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The Future Of FinFETs At 5nm And Beyond


While contact gate pitch (GP) and fin pitch (FP) scaling continues to provide higher performance and lower power to finFET platforms, controlling RC parasitics and achieving higher transistor performance at technology nodes of 5nm and beyond becomes challenging. In collaboration with Imec, we recently used SEMulator3D virtual fabrication to explore an end-to-end solution to better underst... » read more

Breaking The 2nm Barrier


Chipmakers continue to make advancements with transistor technologies at the latest process nodes, but the interconnects within these structures are struggling to keep pace. The chip industry is working on several technologies to solve the interconnect bottleneck, but many of those solutions are still in R&D and may not appear for some time — possibly not until 2nm, which is expected t... » read more

Evaluation Of The Impact Of Source Drain epi Implementation On Logic Performance Using Combined Process And Circuit Simulation


In this paper, we explore an end-to-end solution using SEMulator3D to address the need to include process variation effects in circuit simulation. For the first time, we couple SEMulator3D with BSIM compact modeling to evaluate process variation impacts on circuit performance. The process integration goal of the study was to optimize contacts and spacer thickness of advanced-node FinFETs in ter... » read more

Design For Reliability


Circuit aging is emerging as a mandatory design concern across a swath of end markets, particularly in markets where advanced-node chips are expected to last for more than a few years. Some chipmakers view this as a competitive opportunity, but others are unsure we fully understand how those devices will age. Aging is the latest in a long list of issues being pushed further left in the desig... » read more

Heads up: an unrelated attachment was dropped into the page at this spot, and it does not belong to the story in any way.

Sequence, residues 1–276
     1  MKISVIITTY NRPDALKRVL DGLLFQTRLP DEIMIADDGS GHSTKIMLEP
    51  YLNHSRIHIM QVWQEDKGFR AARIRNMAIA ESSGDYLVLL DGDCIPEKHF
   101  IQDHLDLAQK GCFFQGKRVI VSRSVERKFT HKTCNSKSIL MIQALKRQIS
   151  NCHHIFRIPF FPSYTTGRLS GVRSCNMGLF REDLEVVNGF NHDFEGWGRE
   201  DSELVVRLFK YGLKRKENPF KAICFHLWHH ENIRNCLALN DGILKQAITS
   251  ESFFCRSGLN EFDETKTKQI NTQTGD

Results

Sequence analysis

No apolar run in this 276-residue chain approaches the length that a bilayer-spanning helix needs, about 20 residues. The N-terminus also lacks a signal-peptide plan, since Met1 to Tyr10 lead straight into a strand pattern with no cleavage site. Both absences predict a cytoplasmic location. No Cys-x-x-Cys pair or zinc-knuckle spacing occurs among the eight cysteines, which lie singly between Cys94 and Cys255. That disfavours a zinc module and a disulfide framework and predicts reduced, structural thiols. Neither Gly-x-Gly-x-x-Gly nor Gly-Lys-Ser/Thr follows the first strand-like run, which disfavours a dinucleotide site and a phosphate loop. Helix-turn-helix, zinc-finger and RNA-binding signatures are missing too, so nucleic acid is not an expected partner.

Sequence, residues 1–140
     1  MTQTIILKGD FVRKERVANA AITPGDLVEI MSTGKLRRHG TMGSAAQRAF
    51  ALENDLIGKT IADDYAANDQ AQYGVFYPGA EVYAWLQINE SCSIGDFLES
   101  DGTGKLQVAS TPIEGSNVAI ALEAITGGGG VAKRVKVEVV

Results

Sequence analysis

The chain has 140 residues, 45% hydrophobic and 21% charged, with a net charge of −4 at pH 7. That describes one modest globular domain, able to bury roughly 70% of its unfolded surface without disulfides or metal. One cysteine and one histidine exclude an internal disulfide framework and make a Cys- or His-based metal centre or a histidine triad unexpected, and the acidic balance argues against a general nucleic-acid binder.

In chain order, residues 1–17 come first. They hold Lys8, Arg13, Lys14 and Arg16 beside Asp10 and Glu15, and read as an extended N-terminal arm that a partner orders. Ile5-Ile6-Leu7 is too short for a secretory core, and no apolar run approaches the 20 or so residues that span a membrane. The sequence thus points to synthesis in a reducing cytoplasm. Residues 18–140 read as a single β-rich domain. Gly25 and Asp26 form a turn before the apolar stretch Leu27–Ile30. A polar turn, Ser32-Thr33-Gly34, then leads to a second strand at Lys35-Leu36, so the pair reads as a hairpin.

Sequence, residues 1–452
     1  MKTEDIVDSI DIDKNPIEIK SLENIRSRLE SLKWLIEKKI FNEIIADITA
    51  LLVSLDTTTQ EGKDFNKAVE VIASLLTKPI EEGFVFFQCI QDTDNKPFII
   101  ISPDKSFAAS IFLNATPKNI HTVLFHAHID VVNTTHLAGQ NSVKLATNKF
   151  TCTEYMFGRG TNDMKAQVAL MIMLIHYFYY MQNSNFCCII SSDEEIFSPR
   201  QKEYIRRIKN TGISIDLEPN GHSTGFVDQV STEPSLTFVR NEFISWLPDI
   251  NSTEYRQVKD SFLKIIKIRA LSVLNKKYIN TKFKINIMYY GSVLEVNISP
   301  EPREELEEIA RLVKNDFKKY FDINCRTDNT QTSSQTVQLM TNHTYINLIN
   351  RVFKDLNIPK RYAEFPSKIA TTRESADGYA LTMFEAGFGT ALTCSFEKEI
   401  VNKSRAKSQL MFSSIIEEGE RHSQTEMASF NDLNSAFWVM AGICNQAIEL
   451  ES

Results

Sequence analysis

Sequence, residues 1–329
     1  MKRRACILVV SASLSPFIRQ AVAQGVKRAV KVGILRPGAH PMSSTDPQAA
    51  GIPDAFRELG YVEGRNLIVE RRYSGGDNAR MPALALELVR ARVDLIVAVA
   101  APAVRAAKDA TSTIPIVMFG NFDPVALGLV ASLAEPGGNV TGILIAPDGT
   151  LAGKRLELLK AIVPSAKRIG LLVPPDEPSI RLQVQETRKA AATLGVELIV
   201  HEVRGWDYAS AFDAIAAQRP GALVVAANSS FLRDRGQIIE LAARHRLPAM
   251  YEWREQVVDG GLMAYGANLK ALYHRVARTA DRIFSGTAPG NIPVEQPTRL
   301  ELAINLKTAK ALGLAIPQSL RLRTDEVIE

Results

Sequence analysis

New Transistor Structures At 3nm/2nm


Several foundries continue to develop new processes based on next-generation gate-all-around transistors, including more advanced high-mobility versions, but bringing these technologies into production is going to be difficult and expensive. Intel, Samsung, TSMC and others are laying the groundwork for the transition from today’s finFET transistors to new gate-all-around field-effect trans... » read more

Structural Integrity Of Chips


A new challenge is on the horizon, and it's one that could have some interesting consequences for chip design — structural integrity. Ever since the introduction of finFETs and 3D NAND, the lines have been blurring between electrical and mechanical engineering. After some initial reports of fins collapsing or breaking, and variable distances between layers, chipmakers figured out how to so... » read more

From FinFETs To Gate-All-Around


When they were first commercialized at the 22 nm node, finFETs represented a revolutionary change to the way we build transistors, the tiny switches in the “brains” of a chip. As compared to prior planar transistors, the fin, contacted on three sides by the gate, provides much better control of the channel formed within the fin. But, finFETs are already reaching the end of their utility as... » read more

Dealing With Sub-Threshold Variation


Chipmakers are pushing into sub-threshold operation in an effort to prolong battery life and reduce energy costs, adding a whole new set of challenges for design teams. While process and environmental variation long have been concerns for advanced silicon process nodes, most designs operate in the standard “super-threshold” regime. Sub-threshold designs, in contrast, have unique variatio... » read more

Productivity Keeping Pace With Complexity


Designs have become larger and more complex and yet design time has shortened, but team sizes remain essentially flat. Does this show that productivity is keeping pace with complexity for everyone? The answer appears to be yes, at least for now, for a multitude of reasons. More design and IP reuse is using more and larger IP blocks and subsystems. In addition, the tools are improving, and mo... » read more

Finding Defects With E-Beam Inspection


Several companies are developing or shipping next-generation e-beam inspection systems in an effort to reduce defects in advanced logic and memory chips. Vendors are taking two approaches with these new e-beam inspection systems. One is a more traditional approach, which uses a single-beam e-beam system. Others, meanwhile, are developing newer multi-beam technology. Both approaches have thei... » read more

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